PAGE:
Leaf and needle spectra were measured for three samples per tree. A sample refers to a leaf or a set of up to approx. 20 needles (depending on needle dimensions). Leaves and needles were randomly picked and detached from the tree. Only healthy green leaves and needles were measured. For conifers, all needle age classes were mixed randomly. Measurements of spectral directional-hemispherical reflectance (DHRF) and transmittance (DHTF) factors were performed with ASD FieldSpec 3 non-imaging spectrometer (serial number 16007) attached to an ASD RTS-3ZC integrating sphere with a halogen light source. Special sample holders (‘needle carriers’, see Fig. 1 in [5]) were used to attach the needle samples to the integrating sphere. The needle carriers were used also when measuring leaves, to ensure a comparable measurement. The needles were placed in the carrier side-by-side, so that between-needle distance equalled 0.5–1 × needle width. Thus, the number of measured needles depended on needle dimensions. Spruce needles were placed in two rows because they were shorter than the diameter of the sample port in the integrating sphere. The measurement protocol followed the protocol described in [5], except that there the needle carriers were 0.3 mm thick and here 0.8 mm. The protocol for both reflectance and transmittance included measurement of white reference, and measurements of both sides of the sample. The sides were adaxial (‘upper’) and abaxial (‘lower’). Spruce needles were symmetric and no adaxial and abaxial sides could be distinguished. However, both sides of the sample were measured also for spruce needles to ensure equal number of observations for each species. The measurement of reflectance included also a measurement of stray light. All spectral measurements were performed in digital numbers and converted to DHRF and DHTF in the data processing. Integration time in the measurements was 1.09 s for each individual spectrum, and 10 individual spectra were averaged into one measurement. To determinate the gap fractions in the needle samples, we scanned the carriers with needles in them, using Epson Perfection V550 digital film scanner (8-bit grayscale images in 800 dpi resolution).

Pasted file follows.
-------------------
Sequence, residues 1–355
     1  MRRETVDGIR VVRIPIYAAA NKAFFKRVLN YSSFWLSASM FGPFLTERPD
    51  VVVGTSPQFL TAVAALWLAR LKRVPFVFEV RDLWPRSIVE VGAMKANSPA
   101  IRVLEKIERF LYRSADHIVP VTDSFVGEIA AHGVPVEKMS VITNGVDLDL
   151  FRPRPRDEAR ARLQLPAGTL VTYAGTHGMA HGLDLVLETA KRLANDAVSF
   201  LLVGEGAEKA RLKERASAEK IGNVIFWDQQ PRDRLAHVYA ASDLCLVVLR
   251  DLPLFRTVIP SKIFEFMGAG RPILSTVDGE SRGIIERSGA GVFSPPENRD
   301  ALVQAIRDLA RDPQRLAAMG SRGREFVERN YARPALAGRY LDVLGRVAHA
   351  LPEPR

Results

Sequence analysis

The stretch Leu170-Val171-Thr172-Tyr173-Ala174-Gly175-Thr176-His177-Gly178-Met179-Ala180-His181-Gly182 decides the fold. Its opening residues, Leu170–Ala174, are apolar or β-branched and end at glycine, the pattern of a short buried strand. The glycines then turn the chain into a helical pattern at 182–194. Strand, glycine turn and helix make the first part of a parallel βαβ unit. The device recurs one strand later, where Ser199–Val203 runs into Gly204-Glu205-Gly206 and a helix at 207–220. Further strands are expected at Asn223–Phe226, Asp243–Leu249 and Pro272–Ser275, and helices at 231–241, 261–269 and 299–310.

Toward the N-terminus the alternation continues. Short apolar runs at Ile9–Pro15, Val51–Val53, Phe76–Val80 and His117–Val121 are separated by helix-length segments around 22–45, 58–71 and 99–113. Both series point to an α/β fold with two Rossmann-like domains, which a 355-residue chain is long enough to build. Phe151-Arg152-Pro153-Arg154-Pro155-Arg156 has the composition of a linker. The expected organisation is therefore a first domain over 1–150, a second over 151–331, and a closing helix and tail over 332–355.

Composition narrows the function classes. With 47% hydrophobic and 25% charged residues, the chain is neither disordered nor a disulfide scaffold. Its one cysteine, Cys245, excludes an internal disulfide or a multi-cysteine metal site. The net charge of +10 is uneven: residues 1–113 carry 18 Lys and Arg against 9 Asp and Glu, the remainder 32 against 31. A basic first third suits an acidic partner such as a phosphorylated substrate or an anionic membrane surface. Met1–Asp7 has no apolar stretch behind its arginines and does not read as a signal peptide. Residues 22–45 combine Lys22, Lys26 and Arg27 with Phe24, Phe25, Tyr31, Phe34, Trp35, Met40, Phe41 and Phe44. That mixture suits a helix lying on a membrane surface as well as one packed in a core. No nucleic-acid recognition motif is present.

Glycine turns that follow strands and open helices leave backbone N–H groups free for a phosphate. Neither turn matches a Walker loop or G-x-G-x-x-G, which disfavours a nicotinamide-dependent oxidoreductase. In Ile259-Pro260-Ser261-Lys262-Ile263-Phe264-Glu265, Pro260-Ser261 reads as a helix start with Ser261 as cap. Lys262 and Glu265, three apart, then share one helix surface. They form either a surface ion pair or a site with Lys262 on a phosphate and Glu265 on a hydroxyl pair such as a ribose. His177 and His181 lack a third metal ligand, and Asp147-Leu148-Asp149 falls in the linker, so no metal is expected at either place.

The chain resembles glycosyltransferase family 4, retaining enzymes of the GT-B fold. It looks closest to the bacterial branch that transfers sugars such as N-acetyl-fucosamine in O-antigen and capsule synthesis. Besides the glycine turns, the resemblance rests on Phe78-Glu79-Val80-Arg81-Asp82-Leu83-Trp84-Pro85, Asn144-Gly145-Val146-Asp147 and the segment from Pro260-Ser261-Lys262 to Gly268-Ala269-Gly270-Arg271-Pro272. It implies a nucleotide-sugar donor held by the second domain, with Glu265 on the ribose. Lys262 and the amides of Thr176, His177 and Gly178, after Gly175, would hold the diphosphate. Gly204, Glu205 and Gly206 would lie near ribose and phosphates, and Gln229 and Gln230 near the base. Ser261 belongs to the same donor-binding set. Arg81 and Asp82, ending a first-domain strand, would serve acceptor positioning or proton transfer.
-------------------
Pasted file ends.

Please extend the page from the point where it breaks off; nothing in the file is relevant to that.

For one sample tree per species, bark reflectance spectra were measured utilizing the same protocol as described above. Three to five bark samples per tree were peeled off from the tree stem from different heights, and placed in the needle carrier for the measurements. The bark outer surface was then measured for DHRF. Note that one of the bark sample trees (an oak) was taken outside of the set of 18 trees measured in the goniometer, and thus the total number of trees in our dataset is 19 (Table 1). No other measurements were conducted for this one oak tree.

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